Although Indian art traditionally features figurative portrayals of deities and represents the Divine in many wonderful forms (as can be appreciated in “Divine Portraiture,” another MOSA exhibition), Jayant Silva expresses himself through calligraphy, a more rare art form within Vaishnavism. He has made it his mission to use a rare Sanskrit script called Siddham and use calligraphy as a means to express devotion to the Lord in amazing ways. Vaishnava tradition has many wonderful scriptures and writings by different acharyas, or spiritual teachers, and to bring them to life with sacred calligraphy, a classical art form, and in various creative ways, is a new contribution to the expression of bhakti.
While Islam has a well-established, well-developed calligraphic tradition not least because of the prohibition against representing images of the Divine or indeed any living being, whereas the Vedic tradition has no difficulty in representing the many forms of God and different devas in a multitude of styles, traditions, and media. Calligraphy, however, has not been used very much in Hindu art. Yet the richness of the scripts used to write in Sanskrit and other Indian languages as well as the variety and depth of Vedic and Vaishnava scriptures are a perfect source of inspiration for calligraphy. In other words, the diversity and depth of India’s sacred traditions allows for diversified artistic expression: traditional art forms, contemporary art, figurative, abstract, and even calligraphy.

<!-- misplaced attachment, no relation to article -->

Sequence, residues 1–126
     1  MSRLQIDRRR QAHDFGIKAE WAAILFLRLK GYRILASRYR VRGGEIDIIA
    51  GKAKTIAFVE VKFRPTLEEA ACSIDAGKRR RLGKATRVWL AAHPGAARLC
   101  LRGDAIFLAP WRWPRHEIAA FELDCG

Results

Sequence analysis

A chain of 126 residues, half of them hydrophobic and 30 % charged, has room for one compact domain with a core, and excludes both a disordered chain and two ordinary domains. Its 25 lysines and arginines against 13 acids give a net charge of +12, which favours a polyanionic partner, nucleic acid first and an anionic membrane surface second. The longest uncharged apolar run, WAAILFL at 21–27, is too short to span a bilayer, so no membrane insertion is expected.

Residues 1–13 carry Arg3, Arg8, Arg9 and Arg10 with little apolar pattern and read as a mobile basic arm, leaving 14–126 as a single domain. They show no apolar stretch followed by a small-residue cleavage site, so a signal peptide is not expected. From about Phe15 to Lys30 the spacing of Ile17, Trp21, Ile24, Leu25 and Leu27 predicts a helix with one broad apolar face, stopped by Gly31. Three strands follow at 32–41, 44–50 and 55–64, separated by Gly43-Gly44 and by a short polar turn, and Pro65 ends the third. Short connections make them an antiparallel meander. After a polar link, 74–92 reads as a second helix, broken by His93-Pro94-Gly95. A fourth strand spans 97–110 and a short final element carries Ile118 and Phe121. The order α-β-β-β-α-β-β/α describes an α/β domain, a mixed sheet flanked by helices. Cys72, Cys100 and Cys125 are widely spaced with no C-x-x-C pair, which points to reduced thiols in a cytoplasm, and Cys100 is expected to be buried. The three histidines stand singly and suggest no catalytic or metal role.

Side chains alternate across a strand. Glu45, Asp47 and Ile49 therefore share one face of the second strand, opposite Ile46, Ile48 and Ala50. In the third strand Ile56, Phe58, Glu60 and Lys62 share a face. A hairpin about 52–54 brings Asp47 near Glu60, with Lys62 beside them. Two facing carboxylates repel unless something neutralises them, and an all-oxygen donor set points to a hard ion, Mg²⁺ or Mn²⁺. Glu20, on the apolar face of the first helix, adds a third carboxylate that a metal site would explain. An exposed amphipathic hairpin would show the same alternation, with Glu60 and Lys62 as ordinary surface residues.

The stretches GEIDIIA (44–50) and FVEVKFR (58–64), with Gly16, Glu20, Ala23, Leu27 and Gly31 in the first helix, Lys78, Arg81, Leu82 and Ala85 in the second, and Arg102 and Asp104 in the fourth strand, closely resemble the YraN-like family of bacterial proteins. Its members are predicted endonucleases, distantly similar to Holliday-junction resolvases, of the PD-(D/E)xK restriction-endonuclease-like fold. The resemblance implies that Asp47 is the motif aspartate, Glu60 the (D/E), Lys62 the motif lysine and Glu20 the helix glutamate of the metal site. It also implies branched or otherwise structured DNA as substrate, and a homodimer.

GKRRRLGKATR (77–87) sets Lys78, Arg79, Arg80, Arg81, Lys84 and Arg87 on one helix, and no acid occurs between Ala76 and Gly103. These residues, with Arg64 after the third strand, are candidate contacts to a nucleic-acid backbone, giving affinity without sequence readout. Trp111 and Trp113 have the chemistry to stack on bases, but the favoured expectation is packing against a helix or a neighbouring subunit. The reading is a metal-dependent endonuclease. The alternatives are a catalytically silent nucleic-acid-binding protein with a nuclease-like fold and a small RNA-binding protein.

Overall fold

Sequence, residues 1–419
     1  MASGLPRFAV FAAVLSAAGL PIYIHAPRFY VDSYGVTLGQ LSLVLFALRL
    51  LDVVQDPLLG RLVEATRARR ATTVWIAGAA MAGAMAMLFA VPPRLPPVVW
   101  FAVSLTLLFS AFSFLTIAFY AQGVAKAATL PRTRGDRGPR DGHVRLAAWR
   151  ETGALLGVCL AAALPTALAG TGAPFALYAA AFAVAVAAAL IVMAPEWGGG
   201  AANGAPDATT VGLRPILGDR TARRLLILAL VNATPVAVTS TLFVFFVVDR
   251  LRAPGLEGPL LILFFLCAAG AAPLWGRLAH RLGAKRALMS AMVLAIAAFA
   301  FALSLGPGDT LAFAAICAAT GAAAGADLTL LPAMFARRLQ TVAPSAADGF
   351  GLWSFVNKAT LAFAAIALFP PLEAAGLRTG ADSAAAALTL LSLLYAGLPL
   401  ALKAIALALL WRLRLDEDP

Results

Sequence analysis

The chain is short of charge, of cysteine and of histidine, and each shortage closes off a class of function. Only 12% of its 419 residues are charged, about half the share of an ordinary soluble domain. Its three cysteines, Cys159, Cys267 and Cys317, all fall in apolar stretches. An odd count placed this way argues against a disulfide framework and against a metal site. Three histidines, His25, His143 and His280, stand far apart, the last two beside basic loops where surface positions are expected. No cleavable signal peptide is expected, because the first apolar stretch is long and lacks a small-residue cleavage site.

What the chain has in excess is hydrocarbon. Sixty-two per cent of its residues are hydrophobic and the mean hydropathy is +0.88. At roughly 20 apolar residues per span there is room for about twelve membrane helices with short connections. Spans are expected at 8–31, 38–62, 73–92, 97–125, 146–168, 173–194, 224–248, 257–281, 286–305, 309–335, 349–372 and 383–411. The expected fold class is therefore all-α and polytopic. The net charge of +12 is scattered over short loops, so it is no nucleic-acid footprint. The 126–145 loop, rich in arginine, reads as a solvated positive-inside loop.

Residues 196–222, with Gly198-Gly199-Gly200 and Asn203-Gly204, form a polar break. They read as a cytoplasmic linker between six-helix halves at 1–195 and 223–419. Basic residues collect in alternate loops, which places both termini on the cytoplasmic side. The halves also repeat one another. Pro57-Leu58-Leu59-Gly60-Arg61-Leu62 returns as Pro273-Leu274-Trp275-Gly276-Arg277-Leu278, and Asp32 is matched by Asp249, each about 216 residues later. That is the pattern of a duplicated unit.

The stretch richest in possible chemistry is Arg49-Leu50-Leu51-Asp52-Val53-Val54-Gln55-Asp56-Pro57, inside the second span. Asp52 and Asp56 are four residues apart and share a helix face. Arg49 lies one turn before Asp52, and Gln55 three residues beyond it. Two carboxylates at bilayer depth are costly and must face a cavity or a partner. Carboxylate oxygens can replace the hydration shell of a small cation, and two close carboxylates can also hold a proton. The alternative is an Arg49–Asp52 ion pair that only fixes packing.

In calligraphy, the meaning of the texts, verses, and syllables becomes as important as the beauty of their artistic manifestation. To understand them and ponder and meditate on their meanings will surely enlighten us and inspire us in our spiritual practices and devotion to the Divine.
Jayant is an artist and a computer scientist. He explores contemporary and traditional themes in Indian calligraphy. He primarily works with ink, watercolour and gouache on paper in a number of languages such as Sanskrit, Bengali, Tamil and Marathi. Besides these traditional media, he also explores the making of letterforms using embroidery, engraving, embossing, cutting and folding on a number of surfaces such as wood, metal, cloth, leaves, paper mache etc. In these works the emphasis is on the letterforms which are developed with sensitivity to the medium in which he is working. To achieve this he uses a number of scripts such as Siddham, Modi, Bengali, Ranjana, Devanagari and Tamil. Another unique aspect of his work is the use of artificial intelligence to explore new forms in Indian scripts.
He actively teaches calligraphy in Indian scripts such as Siddham, Modi and Devanagari. His work is part of the permanent collection of the Museum of Sacred Art, Belgium, the Klingspor Museum as well as several private collections. His work has been featured in music albums, newspapers, magazines and books.